Phone Apps are good for Relative Frequency Response, that is, one frequency vs another, but the absolute value is questionable unless you have something to calibrate the App against, like an existing SPL (loudness) Meter. That's not a problem, as it will be fairly accurate across the frequency spectrum, but the absolute values can't be fully trusted. For example, if the App Meter reads 80db, it could be anything from 75db to 85db, but it will be the same across virtually all frequencies.

Next CAUTION, Sweeps and Tones are sustained sound, were as music is very dynamic. Those sustained tones can cause heat to build up in your drivers, so you don't want to run sustained tones for very long. When crude testing with a Bass Range Sweep (10 to 300hz) that gradually rises 1hz every minute, I pause every now and then to give things time to cool down. I have the Test Tones burned onto a CD even though I down loaded them, so Pausing is easy enough.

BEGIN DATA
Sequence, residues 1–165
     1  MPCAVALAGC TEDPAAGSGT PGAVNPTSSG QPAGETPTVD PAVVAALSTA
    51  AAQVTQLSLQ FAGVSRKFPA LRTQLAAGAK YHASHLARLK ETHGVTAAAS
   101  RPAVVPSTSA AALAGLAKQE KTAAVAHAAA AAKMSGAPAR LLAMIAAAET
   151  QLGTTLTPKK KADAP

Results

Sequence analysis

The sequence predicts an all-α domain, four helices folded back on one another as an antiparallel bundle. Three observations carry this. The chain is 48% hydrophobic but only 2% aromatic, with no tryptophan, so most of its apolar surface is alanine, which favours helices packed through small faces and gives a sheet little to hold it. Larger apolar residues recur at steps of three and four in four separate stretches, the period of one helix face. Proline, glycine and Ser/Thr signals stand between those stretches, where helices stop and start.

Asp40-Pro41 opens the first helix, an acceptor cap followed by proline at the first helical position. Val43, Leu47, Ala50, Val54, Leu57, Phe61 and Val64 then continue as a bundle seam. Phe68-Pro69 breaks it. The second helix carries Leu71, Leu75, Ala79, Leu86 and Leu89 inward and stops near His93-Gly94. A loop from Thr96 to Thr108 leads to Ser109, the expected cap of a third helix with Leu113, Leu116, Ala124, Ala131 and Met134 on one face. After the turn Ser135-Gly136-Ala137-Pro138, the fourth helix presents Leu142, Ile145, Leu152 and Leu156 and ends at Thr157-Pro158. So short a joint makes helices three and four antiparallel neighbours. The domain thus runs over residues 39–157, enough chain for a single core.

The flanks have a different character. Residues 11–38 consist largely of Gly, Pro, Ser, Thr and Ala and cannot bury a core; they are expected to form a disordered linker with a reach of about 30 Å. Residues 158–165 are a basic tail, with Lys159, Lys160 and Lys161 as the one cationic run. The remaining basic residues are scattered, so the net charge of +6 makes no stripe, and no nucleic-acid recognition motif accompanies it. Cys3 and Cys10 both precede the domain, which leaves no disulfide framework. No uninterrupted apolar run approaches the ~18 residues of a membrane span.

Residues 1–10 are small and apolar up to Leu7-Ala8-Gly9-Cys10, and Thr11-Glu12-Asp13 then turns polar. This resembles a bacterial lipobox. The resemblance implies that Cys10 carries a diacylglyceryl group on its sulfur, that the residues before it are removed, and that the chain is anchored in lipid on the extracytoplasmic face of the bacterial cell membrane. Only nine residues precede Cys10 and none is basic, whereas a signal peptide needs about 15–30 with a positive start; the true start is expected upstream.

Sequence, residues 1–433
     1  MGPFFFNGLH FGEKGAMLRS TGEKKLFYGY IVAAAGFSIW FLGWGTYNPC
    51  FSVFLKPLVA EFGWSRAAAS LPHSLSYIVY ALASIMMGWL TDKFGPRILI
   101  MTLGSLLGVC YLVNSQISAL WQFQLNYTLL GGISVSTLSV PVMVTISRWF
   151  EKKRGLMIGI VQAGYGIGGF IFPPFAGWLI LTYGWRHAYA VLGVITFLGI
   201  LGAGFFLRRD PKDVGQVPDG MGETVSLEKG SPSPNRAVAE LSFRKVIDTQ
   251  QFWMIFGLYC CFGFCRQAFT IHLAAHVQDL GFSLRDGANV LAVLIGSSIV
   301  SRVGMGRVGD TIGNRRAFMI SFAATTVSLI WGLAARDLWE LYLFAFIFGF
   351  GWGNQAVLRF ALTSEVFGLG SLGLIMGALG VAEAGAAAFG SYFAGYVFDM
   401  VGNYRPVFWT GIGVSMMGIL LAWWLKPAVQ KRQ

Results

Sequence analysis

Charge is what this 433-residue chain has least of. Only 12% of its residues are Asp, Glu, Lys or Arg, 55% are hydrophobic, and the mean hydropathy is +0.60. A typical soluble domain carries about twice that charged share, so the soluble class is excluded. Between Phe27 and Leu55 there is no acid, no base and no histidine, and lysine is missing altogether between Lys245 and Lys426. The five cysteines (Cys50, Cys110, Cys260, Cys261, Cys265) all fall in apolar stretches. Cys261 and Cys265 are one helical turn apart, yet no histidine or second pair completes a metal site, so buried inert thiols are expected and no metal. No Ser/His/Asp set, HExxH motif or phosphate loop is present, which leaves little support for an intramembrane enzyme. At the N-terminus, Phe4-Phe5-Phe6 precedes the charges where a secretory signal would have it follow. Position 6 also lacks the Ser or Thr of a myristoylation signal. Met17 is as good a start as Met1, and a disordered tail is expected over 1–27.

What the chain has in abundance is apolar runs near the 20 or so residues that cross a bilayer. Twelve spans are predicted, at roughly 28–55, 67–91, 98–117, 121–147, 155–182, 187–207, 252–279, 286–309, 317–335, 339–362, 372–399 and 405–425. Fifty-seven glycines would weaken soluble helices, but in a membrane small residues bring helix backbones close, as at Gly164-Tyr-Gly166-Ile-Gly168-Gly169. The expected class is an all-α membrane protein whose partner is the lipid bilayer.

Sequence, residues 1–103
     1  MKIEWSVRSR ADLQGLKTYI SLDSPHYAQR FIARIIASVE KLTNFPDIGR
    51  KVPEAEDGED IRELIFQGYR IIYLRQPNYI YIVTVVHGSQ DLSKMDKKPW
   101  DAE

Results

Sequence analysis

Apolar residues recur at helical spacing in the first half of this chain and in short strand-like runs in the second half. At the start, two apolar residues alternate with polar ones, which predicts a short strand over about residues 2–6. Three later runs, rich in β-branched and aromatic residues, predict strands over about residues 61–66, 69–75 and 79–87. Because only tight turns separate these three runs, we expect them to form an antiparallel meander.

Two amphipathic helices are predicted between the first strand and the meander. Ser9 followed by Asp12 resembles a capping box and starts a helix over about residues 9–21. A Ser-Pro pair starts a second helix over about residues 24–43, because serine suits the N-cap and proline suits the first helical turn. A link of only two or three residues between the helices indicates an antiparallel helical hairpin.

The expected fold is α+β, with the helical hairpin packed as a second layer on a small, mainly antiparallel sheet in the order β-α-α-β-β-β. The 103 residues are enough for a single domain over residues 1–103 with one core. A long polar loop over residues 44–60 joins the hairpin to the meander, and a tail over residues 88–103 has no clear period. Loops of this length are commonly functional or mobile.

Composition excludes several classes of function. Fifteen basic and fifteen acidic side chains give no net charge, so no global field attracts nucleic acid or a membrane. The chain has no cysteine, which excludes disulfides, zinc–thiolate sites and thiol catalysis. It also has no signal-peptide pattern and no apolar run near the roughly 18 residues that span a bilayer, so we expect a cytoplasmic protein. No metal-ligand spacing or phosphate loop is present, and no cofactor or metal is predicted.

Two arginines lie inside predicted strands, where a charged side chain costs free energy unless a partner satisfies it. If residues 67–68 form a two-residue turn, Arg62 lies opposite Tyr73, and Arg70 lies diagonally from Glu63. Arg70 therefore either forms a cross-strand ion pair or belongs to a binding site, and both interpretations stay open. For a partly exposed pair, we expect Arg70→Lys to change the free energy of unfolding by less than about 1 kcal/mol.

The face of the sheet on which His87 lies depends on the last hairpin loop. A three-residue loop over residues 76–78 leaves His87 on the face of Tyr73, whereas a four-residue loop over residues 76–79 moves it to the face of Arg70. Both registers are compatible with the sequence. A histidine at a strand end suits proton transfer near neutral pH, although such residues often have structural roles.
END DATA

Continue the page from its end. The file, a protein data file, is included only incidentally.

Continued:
Sweeps, in my experience are not that helpful because you can't hear what you can't hear. For illustration you might have a small speakers so the sweep from 20hz to 40hz is pretty much inaudible. Unless you have someway to view or measure the sweep, or unless they are telling you each frequency as it moves up, you really don't know. More so on the High End, your speakers in theory could product 20kz, but it is possible if you are older that you high end hearing craps out at 15hz. So, if you are relying strictly on Hearing, you would never know that the sweep didn't stop at 15khz.

That's one reason why I like Step Tones, because I know what each tone is whether I can hear it or not.